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United States Department of Agriculture (USDA) 2019


Bioactive Natural Products Medecine Arid

United States Department of Agriculture (USDA) National Institute of Food and Agriculture


Identification : 1020652

Pays : Etats Unis

Durée : START : 01 OCT 2019 TERM : 30 SEP 2024

Discovery of novel bioactive natural products is necessary for the identification of new pharmaceuticals and agricultural agents (herbicides and pesticides). We will use plants and microorganisms from arid and semiarid environments to identify such natural products ; characterize the enzymes that produce them ; and isolate the genes that encode their biosynthesis. We will use the purified natural products in various biological tests to elucidate their biological activities, and we will determine the chemical structures of the compounds that show interesting activities. We will use the enzymes and their encoding genes to change the chemical structures of these natural products, or to produce completely new "unnatural natural products" using cellular factories in "domesticated" microorganisms. Discovering such novel bioactive chemical compounds, and developing them to practical, useful agents will improve human health, agricultural productivity and safety, and the economic prospects of our State and Nation.Guaranteeing the safety of our produce is important for public health. For example, leafy green vegetables and melons are usually consumed raw, thus pre- or post-harvest decontamination is very important to prevent foodborne illnesses. Interventions currently used by the fresh produce industry include chemical sanitizers, the most common being chlorine. However, studies show that chlorine is not very effective in reducing bacterial populations on fresh produce. Plant-based antimicrobials are well known for their antimicrobial activity and are natural healthy products. Many bacteria produce antibacterial compounds called bacteriocins, which possess killing activities with much higher specificity than commonly used antibiotics. We propose to use plant-based antimicrobials such as plant extracts, essential oils and their active components to treat leafy greens and melons post-harvest and bacteriocins (tailocins) pre-harvest in order to reduce the population of foodborne pathogens such as E. coli O157:H7, Salmonella and L. monocytogenes on these produce. We expect the pathogen population will be largely reduced after the treatments. The results could provide the produce industry with natural alternatives to chemical based sanitizers such as chlorine.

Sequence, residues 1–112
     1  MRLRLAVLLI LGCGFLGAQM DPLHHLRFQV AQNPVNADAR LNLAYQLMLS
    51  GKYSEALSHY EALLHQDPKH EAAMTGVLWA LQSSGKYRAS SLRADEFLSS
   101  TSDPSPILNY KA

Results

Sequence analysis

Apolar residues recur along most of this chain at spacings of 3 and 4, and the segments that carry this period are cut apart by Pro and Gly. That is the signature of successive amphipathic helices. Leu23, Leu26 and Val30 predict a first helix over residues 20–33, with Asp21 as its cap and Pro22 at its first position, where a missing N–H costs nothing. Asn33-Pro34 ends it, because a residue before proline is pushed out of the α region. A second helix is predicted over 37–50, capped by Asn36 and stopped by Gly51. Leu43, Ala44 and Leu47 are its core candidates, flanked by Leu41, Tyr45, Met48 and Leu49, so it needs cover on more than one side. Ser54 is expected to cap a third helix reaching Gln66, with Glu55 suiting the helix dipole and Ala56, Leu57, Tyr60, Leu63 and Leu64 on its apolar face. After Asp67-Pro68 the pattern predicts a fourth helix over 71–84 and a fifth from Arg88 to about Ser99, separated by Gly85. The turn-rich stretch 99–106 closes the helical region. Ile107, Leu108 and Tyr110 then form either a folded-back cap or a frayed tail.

This proposed project involves the following research objectives:Screen arid-land plants and microorganisms for the presence of bioactive compounds ;Conduct bioassay-directed fractionation of extracts with demonstrated biological activity and elucidate the structures of bioactive NPs ;Characterize and manipulate the biosynthesis of selected bioactive NPs ;Further develop alternative agricultural systems, especially aeroponics system for plant cultivation, and for the production and structural diversification of plant-derived NPs of economic importance ;Produce analogues of major NPs by chemical transformations and microbial biotransformations ;Produce novel unnatural natural products (uNPs) by combinatorial synthetic microbiology ;Evaluate promising lead NPs and their analogues with collaborators in other University of Arizona departments and colleges, other academic institutions, government agencies, and private industry ;Evaluate plant-based antimicrobials including plant extracts, essential oils and their active components against E. coli O157:H7, S. enterica, and L. monocytogenes in vitro and on produce ;Test whether application of tailocins to spinach and lettuce prevents colonization by E. coli O157:H7 ;Characterize Pseudomonas strains for the ability to produce tailocins that are effective against E. coli O157:H7, S. enterica and L. monocytogenes.

Performing Institution : UNIVERSITY OF ARIZONA
Investigator : Molnar, I, . ; Gunatilaka, LE, A.. ; Ravishankar, SA, .

Présentation : USDA (NIFA)

Page publiée le 28 novembre 2021